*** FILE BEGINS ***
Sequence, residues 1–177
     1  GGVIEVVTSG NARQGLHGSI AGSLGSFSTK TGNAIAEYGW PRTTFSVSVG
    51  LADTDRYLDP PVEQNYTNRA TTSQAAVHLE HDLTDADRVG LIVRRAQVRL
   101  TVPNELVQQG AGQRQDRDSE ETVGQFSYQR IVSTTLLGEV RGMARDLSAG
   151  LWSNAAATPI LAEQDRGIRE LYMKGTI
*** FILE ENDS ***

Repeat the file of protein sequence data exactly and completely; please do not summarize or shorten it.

Sequence, residues 1–177
     1  GGVIEVVTSG NARQGLHGSI AGSLGSFSTK TGNAIAEYGW PRTTFSVSVG
    51  LADTDRYLDP PVEQNYTNRA TTSQAAVHLE HDLTDADRVG LIVRRAQVRL
   101  TVPNELVQQG AGQRQDRDSE ETVGQFSYQR IVSTTLLGEV RGMARDLSAG
   151  LWSNAAATPI LAEQDRGIRE LYMKGTI